Identify three major shifts, changes, or innovations in the history of worship in the United Methodist tradition between 1816 and 2000. Explain why each of these shifts was important.

The Methodist tradition began in England with the Evangelical (Methodist) Revival. In the United States, however, the movement began to experience a series of shifts or changes that would transform Methodism into the global force it is today. First, it advanced across the American frontier and encouraged the ministry of lay men and women. Then, in the midst of division, the church began missional work in the post–Civil War era. Finally, it reunified to impact the world through missions.

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The United Methodist tradition of worship began in eighteenth-century England, spread into newly colonized regions, and later advanced throughout the world. Worship that had begun with John Wesley in small, intimate gatherings rapidly expanded into the New World and burgeoned a movement of evangelical outreach that changed the course of...

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The United Methodist tradition of worship began in eighteenth-century England, spread into newly colonized regions, and later advanced throughout the world. Worship that had begun with John Wesley in small, intimate gatherings rapidly expanded into the New World and burgeoned a movement of evangelical outreach that changed the course of global protestantism.

Methodism experienced its first major shift in 1816, upon the death of Francis Asbury. Beginning in the late 1700s, Asbury led the American Methodist movement, helping to develop a written constitution for the new denomination and leading the movement’s growth into the American frontier. Unlike England, the American frontier had no social or church hierarchy. Local churches and small group classes sprang up in newly settled areas, and ministry was led by the common folk and lay preachers.

Thanks to Asbury’s efforts among these pioneers, Methodism was uniquely positioned for the Second Great Awakening, during which the movement was further transformed. Demonstrative worship in large tent meetings replaced small group ministry for short seasons, reminding usually isolated laypeople that they were not alone in their faith. This time of spiritual revival (1820–1850) served to strengthen, rather than eliminate, the small group ministry of frontier Methodism. It even led to the Sunday School movement, in which circuit-riding preachers went throughout the frontier to encourage the faithful and maintain community worship. This era of growth, however, was followed by a deepening schism in the Methodist church. The increasing cultural division over slavery and theological issues divided the church, and in 1845, Southern states organized the Methodist Episcopal Church South. The division seemed to awaken the Methodist church to its true identity, however, leading into the era of missions.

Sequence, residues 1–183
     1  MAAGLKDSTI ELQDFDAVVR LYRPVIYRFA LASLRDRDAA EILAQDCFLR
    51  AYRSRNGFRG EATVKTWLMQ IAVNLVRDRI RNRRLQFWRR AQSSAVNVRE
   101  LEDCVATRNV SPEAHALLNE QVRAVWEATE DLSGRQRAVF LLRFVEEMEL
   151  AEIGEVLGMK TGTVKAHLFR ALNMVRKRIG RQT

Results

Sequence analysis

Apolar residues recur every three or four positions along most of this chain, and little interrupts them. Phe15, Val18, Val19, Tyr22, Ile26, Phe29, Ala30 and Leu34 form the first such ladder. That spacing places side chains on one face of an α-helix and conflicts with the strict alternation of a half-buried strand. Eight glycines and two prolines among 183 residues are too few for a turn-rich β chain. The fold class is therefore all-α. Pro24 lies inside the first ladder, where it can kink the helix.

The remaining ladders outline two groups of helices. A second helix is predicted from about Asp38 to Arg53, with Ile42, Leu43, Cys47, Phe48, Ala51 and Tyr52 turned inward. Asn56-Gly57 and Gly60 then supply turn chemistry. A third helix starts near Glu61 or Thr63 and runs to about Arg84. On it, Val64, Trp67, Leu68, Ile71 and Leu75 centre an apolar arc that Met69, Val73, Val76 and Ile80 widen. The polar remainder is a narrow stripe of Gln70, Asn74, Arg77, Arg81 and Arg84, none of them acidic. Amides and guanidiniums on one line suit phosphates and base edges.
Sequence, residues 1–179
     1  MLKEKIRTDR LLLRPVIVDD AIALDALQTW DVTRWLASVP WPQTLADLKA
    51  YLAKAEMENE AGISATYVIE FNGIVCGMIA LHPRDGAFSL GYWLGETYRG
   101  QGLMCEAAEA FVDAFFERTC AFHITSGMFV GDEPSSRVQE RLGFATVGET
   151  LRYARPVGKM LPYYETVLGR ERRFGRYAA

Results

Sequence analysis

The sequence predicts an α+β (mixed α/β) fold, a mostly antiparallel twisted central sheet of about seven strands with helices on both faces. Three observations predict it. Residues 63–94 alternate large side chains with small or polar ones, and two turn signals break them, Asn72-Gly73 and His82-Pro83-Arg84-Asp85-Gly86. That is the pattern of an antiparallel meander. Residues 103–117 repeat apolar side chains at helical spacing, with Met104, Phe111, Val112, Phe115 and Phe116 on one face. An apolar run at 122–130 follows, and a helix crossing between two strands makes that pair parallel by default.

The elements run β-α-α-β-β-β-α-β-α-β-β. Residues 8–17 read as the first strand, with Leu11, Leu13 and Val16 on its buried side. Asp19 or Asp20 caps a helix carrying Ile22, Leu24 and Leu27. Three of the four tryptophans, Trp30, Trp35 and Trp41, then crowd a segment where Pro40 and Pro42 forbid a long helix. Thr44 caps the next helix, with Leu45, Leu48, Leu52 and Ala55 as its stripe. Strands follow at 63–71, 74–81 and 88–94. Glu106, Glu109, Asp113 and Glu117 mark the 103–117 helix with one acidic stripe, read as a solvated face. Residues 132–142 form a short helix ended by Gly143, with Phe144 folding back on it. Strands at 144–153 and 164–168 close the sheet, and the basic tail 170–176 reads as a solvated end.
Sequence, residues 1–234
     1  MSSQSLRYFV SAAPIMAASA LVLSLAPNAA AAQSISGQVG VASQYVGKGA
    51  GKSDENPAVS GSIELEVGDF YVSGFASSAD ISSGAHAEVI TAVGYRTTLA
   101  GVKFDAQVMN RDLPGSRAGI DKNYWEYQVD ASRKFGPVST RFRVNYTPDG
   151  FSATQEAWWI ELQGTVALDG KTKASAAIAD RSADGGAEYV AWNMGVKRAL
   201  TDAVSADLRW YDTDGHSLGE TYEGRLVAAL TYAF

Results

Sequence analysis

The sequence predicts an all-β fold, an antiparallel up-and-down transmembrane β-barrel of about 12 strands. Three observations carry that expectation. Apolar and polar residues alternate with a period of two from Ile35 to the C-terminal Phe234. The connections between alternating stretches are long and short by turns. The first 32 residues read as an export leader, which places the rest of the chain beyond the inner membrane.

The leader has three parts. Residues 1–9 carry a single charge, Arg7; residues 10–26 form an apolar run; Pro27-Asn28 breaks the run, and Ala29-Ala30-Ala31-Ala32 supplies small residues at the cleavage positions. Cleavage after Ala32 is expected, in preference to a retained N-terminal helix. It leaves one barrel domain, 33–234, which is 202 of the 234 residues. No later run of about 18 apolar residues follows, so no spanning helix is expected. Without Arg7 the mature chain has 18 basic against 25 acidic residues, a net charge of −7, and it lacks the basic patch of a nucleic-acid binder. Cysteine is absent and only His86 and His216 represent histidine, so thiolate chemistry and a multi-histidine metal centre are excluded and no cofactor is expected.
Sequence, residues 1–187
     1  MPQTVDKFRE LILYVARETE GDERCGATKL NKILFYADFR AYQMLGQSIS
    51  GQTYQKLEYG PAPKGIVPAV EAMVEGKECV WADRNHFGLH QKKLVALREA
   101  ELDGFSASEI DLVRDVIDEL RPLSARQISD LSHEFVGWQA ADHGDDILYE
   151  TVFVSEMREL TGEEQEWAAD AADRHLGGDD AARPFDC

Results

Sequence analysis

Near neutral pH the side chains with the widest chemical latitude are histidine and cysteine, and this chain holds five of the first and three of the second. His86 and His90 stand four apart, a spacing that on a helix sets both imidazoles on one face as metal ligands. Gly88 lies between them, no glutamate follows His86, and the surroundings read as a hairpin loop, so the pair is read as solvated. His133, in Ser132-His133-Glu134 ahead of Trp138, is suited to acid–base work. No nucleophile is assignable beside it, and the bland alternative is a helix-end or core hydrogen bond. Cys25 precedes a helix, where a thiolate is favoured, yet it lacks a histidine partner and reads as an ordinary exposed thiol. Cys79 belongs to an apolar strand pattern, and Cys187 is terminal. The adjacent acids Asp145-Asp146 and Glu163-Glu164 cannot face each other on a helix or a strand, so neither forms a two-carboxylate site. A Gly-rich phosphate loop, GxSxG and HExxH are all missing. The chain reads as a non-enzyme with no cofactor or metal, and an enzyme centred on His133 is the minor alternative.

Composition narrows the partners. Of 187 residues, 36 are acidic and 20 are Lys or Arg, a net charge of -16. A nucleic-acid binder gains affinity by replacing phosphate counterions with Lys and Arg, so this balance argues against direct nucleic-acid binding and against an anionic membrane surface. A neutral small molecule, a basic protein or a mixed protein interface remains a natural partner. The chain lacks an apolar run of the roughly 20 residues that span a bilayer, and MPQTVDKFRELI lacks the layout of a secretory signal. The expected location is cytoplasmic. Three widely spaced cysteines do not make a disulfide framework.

This second, missional shift in Methodism came after the American Civil War. During this era, the Freedman’s Aid Society and the Colored Methodist Episcopal Church were formed to minister to newly freed slaves. Mission work began in the United States, where schools were established for former slaves and their children. Women’s aid societies sprang up, raising funds for missionary efforts. The leadership of both women and former slaves during this time led to greater diversity within church hierarchy. The success of missions on the homefront led to a significant increase in overseas missionary efforts. Methodist bishops like William Taylor, James Thoburn, and Joseph Hartzell founded missions around the world, in South America, Africa, the Caribbean, and Eastern Europe, to name a few. The Methodist missions movement was both far-reaching and inclusive, and it led to the recent transition of unification in Methodism.

In the twentieth century, Methodism experienced a third transition of healing and reunification. Methodist churches made efforts to heal earlier divisions by confirming a common theology. The three major branches of Methodism, the Methodist Episcopal Church, the Methodist Protestant Church, and the Methodist Episcopal Church South, created a plan of unification. They were officially united in April of 1939 and became the Methodist Church (USA). The division that had begun during the Civil War was officially ended. In addition, the Methodist church further unified through concerted missionary efforts. In response to the devastation of World War II, the General Conference of the Methodist Church approved the formation of the Methodist Committee on Relief. Then, in 1951, the church helped form the World Methodist Council. This organization cooperated with both the National and World Councils of Churches to increase missionary influence around the world.

The Methodist Church began as a small group movement, grew into a frontier ministry of lay preachers, expanded into a force for social change, and unified to transform missionary efforts across the globe.

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